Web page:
In the debate over his plans to partially privatize Social Security in 2005, “privatization” was “obviously a poll-tested word,” says former President George W. Bush.
“That’s a codeword, ‘privatization.’ That’s obviously a poll-tested word,” Bush said. “And so all I said was younger workers ought to have a chance to set aside some of their money in an account that earns a better rate of return than their money in the Social Security trust fund.”
But, as TPM noted back in 2005, Bush himself often used the word “privatization.” Eventually, Karl Rove convinced him and others in the administration to not only stop using the word but to disavow it altogether and suggest its use was “editorializing” on the part of newspapers.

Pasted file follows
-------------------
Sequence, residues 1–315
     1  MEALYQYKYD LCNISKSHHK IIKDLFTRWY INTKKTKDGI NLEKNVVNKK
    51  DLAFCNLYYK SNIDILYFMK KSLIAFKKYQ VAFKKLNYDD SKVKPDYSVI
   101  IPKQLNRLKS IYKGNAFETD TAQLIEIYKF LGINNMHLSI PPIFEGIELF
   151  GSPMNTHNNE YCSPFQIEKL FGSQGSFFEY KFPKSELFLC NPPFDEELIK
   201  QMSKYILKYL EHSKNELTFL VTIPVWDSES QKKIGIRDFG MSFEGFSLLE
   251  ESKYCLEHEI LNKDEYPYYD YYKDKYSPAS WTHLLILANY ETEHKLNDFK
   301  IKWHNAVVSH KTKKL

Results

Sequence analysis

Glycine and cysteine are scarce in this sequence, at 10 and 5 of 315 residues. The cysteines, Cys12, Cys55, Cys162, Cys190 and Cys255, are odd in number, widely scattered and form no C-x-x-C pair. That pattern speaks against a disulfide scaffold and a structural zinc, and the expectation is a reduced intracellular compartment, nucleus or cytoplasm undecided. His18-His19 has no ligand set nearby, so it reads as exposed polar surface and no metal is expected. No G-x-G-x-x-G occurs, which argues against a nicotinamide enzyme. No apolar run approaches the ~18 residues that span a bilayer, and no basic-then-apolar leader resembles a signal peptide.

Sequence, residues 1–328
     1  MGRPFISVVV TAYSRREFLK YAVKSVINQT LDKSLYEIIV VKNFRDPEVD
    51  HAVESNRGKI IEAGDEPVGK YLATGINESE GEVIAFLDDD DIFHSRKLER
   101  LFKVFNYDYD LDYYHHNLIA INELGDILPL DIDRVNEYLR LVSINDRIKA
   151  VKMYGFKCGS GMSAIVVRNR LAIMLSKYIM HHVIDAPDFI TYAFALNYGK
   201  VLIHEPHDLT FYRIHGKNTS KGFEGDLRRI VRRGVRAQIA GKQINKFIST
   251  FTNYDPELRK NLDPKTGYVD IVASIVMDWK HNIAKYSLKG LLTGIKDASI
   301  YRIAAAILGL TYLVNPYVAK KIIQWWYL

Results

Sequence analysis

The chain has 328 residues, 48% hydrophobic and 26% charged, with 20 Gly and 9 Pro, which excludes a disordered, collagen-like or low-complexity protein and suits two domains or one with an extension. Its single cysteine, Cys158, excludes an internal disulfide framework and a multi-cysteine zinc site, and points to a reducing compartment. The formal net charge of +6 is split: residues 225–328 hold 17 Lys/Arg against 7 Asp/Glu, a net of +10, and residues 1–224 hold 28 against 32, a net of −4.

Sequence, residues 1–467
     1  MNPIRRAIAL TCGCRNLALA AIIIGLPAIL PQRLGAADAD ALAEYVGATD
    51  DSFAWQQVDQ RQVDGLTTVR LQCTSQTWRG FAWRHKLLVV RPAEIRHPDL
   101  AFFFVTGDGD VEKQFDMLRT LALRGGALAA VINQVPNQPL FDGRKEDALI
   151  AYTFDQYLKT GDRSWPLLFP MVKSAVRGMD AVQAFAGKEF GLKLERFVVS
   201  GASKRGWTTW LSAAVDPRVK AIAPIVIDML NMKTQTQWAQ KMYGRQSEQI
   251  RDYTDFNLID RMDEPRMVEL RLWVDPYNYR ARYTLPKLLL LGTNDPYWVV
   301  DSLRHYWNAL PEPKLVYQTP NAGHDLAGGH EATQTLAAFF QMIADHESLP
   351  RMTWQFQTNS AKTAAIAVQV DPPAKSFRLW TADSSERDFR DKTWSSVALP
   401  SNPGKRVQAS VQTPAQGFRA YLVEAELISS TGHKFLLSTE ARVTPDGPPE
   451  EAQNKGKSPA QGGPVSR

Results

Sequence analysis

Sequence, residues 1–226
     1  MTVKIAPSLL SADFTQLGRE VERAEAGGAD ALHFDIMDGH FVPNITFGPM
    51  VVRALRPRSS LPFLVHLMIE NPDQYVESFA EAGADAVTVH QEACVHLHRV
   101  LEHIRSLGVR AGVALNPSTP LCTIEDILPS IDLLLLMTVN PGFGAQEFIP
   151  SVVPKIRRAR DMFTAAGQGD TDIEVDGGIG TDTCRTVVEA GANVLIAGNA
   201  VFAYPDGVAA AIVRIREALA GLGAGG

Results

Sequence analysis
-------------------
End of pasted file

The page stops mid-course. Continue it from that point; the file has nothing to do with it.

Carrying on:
The conservative libertarian Cato Institute, which supported Bush’s plan, also used and advocated for “privatization” since 1995.
Bush also blamed the failure of the legislation on the greed for power in Washington.
“And, of course, you know, by having a defined contribution plan as opposed to a defined benefit plan, you’re taking power away from people in Washington, and that created a lot of angst,” he said. “One of these days people will reform Social Security, and I was pleased to lay out a solution.”
[Ed. note: This article was edited after publication.]